Law professors from America's leading law schools have taken a united stance against a paper co-authored by SEC Commissioner Daniel Gallagher which accused Harvard University's Shareholder Rights Project of possible SEC violations.
A row has broken out between leading US law school professors and SEC Commissioner Daniel Gallagher after he co-authored an article with Stanford professor Joseph Grundfest making allegations about Harvard’s Shareholder Rights Project. The Shareholder Rights Project is part of the Harvard law faculty and is run on a pro bono basis to help students get to grips with corporate governance practices. It represents five institutions, four pension funds and one foundation. The Gallagher/Grundfest paper accused Harvard and the SRP of violating federal securities law by assisting investors with shareholder proposals that did not include sufficient references to certain academic studies.
The nub of the issue is a widespread disagreement over whether boards should stagger elections of its directors or introduce annual elections. Harvard supports annual elections for directors and claims to have persuaded 100 of the US’s largest publicly traded companies to destagger. This has irked Messrs Gallagher and Grundfest who argue against de-staggering boards and suggest that Harvard could violate federal securities law when dealing with proxy voting on the basis of not providing enough information on the subject to companies.
The two authors claimed that ‘ Under the principle of respondeat superior, the SEC could bring enforcement proceedings against Harvard University alleging violations of Rule 14a-9. Private party plaintiffs should also be able to prevail in 14a-9 actions against Harvard. Courts have the authority to void prior votes that caused boards to de-stagger, but it is a matter of judicial discretion -- and a subject for conjecture -- as to whether such a remedy would be imposed as a cure for the material omissions in the Harvard Proposal.’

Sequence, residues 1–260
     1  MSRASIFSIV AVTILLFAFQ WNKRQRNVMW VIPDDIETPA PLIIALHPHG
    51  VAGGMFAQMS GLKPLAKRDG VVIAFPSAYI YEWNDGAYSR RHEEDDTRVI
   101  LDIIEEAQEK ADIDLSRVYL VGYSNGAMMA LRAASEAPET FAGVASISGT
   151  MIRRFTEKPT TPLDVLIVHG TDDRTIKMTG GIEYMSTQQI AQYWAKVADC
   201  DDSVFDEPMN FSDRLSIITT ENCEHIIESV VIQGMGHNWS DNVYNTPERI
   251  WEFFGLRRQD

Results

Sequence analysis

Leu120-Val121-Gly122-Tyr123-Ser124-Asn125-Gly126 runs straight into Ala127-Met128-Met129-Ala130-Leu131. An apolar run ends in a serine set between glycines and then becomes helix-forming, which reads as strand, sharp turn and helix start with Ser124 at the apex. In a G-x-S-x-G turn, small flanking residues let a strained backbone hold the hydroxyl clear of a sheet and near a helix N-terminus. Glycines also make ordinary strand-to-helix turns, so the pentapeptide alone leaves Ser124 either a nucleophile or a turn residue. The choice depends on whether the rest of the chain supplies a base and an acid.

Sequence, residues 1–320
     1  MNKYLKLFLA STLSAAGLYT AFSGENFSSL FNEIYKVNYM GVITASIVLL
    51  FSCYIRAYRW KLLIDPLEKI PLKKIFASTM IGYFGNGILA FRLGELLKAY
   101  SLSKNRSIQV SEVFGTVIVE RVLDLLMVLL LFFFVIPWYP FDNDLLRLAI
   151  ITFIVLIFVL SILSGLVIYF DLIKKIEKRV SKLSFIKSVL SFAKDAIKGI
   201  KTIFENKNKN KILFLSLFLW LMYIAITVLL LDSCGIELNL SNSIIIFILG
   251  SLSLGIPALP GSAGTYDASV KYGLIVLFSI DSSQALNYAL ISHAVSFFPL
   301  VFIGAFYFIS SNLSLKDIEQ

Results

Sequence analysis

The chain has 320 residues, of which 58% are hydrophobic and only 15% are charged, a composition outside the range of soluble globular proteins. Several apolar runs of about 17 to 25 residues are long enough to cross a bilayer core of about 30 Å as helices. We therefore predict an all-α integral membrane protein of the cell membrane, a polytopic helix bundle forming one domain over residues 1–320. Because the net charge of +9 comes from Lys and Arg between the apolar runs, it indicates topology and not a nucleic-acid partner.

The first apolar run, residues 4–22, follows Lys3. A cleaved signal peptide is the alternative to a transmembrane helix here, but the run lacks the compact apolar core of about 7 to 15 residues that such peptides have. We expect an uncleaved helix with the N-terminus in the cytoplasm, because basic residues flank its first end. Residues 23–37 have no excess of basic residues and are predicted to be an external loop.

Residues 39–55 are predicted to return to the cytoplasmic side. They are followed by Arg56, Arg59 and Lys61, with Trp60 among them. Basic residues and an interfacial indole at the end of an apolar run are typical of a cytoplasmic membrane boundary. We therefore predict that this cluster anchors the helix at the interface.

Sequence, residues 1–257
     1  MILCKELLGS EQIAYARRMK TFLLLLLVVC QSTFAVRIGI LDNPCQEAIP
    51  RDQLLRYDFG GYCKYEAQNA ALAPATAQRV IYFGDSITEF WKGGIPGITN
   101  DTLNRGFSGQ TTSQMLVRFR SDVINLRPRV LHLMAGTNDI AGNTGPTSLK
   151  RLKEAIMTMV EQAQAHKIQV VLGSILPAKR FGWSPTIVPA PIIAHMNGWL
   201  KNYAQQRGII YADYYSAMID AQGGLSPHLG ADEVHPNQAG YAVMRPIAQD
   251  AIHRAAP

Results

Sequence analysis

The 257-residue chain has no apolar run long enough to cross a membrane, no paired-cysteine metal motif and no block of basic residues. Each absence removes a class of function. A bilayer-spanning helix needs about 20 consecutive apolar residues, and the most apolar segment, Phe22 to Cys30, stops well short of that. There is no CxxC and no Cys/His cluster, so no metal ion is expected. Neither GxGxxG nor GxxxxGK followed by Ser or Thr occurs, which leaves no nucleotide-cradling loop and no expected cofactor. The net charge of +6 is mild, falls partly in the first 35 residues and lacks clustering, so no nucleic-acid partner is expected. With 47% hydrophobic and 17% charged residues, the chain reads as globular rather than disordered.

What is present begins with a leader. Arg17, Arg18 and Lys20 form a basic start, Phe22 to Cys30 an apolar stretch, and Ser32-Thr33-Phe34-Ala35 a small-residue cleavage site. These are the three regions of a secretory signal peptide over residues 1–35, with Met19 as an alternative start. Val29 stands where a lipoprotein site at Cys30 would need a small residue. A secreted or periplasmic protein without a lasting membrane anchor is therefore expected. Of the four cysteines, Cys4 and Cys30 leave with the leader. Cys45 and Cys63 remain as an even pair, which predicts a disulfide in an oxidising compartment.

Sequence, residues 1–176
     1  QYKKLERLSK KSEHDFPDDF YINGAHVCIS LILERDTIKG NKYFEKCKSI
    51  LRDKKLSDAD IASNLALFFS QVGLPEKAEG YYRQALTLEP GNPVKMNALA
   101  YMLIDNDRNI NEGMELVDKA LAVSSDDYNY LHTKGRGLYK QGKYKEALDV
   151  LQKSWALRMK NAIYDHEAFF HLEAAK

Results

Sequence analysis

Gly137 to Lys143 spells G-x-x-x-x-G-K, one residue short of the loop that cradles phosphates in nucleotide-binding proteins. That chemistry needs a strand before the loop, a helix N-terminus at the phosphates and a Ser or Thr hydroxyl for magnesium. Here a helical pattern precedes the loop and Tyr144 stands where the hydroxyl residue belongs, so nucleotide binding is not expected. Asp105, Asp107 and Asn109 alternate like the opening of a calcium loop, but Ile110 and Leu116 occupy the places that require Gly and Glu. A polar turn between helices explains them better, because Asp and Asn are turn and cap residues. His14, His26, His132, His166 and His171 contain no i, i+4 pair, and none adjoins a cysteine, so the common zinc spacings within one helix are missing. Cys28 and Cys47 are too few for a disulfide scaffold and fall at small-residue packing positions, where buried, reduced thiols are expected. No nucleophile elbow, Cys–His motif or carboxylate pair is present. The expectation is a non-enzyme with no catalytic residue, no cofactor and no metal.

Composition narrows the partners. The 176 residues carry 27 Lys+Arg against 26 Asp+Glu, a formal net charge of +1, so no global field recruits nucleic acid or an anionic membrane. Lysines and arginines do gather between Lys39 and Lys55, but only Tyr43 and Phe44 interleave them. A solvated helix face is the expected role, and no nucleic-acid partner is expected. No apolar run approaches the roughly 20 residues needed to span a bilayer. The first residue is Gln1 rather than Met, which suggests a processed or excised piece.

Thirty-four senior corporate and securities law professors from 17 of the US’s leading law schools responded to the allegations by vigorously defending Harvard University. The group said, in a statement, that such accusations were deeply flawed. ‘Members of our bipartisan group differ widely in our views on corporate law issues, including on the appropriate use of staggered boards and shareholder proposals. However, we all agree that Commissioner Gallagher and Professor Grundfest should withdraw their accusations.’
They added that the proposals were consistent with the SEC’s ‘long-standing policy on shareholder proposals; none of the more than one hundred public companies receiving proposals, many represented by the country’s premier law firms, raised any of the claims put forward by the authors; and there is no precedent for an enforcement action or private suit against shareholder proponents, let alone those assisting them, of the type that the paper urged against Harvard and the SRP.’
And they said: ‘Furthermore, while it is always regrettable when meritless allegations are raised by any author, we are especially concerned that a sitting SEC Commissioner has chosen to issue such allegations without support from a prior investigation by the SEC staff and without due process of law. While the Commissioner has indicated his interest in changing the SEC’s long-held policy in this area, meritless accusations against private parties should not be part of an effort to bring about such a change. We worry that Commissioner Gallagher’s decision to level meritless allegations against specific private parties will have adverse consequences for the important work that the SEC must do.’ Sources: Gallagher/Grundfest paper; Harvard Law Blogs ; Statement;